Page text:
Joeviocoe
        • 2 Years Ago
        @2 Wheeled Menace
        Nissan didn't do a whole lot of promising for the first model Leaf... I think we, and the media, really had unrealistic expectations. Nissan certainly failed to manage our expectations though.
        PeterScott
        • 2 Years Ago
        @2 Wheeled Menace
        EPA changed the testing cycle between the initial promise and final delivery. That affected everyone that initially reported a target range. That is why the top Tesla is rated at 265 miles instead of 300 miles they targeted: http://green.autoblog.com/2012/06/20/tesla-model-s-officially-rated-at-89-mpge-with-265-mile-range/
          Joeviocoe
          • 2 Years Ago
          @PeterScott
          The 5 cycle EPA test has been around for a long while now. That excuse would have worked for the Roadster, but not the Model S. The 300 mile claim is purely because CARB still awards ZEV credits under the older UDDS (LA-4) cycle test. Pure and simple. When CARB changes its policy automakers will change too. Even today, newer EVs, regardless of manufacturer, are still making claims on the LA-4 cycle and not the 5 cycle EPA test. It is not a timing issue, it is an incentives issue.
      Rotation
      • 2 Years Ago
      Great. I'd love to hear how it was done, so I can get a better idea of how much increase in range we'll actually see. If it's 25% more battery capacity, then we're in great shape. But I expect it's at least partially attributable to other factors, some of which may not show up on US tests or in real-world driving. Also, is there a 6.6kW charger we kept hearing about? I don't expect to see that price drop in the US. We'll probably see something, but not nearly that big. On other news, I saw an ad for the LEAF last night on TV. No bear hugging, but an actual ad trying to sell you a LEAF and explaining why it's a good car for you. So in other words, finally an ad that tries to sell LEAFs to people who aren't already predisposed to buying them. This is good to see, it's time for the LEAF to enter this stage.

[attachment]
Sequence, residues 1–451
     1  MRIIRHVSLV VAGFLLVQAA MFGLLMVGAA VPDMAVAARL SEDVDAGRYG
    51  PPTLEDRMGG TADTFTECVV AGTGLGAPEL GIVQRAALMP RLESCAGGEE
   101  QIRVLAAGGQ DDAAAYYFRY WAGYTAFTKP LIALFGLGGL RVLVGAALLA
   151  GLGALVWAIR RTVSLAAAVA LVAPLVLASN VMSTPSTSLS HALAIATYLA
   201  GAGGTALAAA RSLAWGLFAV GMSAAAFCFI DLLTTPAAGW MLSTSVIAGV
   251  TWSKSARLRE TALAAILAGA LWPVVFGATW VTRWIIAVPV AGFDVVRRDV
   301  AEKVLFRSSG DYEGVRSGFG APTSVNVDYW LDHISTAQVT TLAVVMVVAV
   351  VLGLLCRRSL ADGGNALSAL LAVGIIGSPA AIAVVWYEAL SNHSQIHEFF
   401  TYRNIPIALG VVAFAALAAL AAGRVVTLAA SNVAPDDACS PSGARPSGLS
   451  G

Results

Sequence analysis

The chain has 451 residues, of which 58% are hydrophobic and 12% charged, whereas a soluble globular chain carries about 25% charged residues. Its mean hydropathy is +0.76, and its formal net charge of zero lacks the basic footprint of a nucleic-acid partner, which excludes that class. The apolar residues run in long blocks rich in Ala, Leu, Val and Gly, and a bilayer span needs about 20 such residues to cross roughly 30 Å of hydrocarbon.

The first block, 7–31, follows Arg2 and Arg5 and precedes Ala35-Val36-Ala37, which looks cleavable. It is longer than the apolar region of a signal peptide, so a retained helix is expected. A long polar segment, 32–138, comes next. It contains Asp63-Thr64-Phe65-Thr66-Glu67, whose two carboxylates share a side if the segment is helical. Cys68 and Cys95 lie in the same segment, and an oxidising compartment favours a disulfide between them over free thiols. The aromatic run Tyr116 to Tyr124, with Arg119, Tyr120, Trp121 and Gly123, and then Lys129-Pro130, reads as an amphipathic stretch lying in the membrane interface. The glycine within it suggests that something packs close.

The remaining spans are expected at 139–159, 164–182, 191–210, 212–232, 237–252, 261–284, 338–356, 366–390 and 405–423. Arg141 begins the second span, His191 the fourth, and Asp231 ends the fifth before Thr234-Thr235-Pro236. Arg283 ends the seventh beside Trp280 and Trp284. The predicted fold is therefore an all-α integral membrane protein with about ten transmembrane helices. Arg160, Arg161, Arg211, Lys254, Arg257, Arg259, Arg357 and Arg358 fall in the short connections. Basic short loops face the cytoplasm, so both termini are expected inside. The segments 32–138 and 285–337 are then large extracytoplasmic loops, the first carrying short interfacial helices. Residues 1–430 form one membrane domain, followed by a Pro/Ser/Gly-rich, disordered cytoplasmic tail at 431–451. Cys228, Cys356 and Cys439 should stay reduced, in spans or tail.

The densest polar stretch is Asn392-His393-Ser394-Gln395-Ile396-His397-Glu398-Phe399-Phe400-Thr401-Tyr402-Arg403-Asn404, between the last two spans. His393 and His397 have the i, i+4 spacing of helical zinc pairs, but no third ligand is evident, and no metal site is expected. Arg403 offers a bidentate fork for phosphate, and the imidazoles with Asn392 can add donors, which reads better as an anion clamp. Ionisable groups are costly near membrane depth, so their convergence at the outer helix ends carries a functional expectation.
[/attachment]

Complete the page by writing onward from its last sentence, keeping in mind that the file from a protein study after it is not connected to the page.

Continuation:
Joeviocoe
        • 2 Years Ago
        @Rotation
        "I don't expect to see that price drop in the US. We'll probably see something, but not nearly that big." Why would you think that? Both Japan and the U.S. will be producing Leafs and batteries.
          Rotation
          • 2 Years Ago
          @Joeviocoe
          Because I think a lot of the current price difference is due to the change in Yen versus value over the years since the LEAF price was set in Japan. A lot of this price change is correction for that. In effect, the Yen price of the car looks very high in USD right now. It was never meant to be that high, so there is some correction. This wouldn't be applied to the US price as the USD to USD ratio doesn't drift over time. Nissan won't be producing batteries in the US any more than anyone else is. Constructing packs maybe, but making Li-Ion batteries (cells) in the US doesn't make a ton of sense and as far as I know hasn't even been spoken of. Like here: http://nissannews.com/en-US/nissan/usa/releases/33a01766-da87-4370-879b-964adb55a47f 'At Zama, Automotive Energy Supply Corporation - a Nissan-NEC joint-venture since 2007 - combines four cells into each battery module, after which Nissan's Oppama facility assembles 48 into each battery pack.' Changing pack assembly to the US is not going to change the price of the packs that much, most of the cost of the pack is in the cells themselves.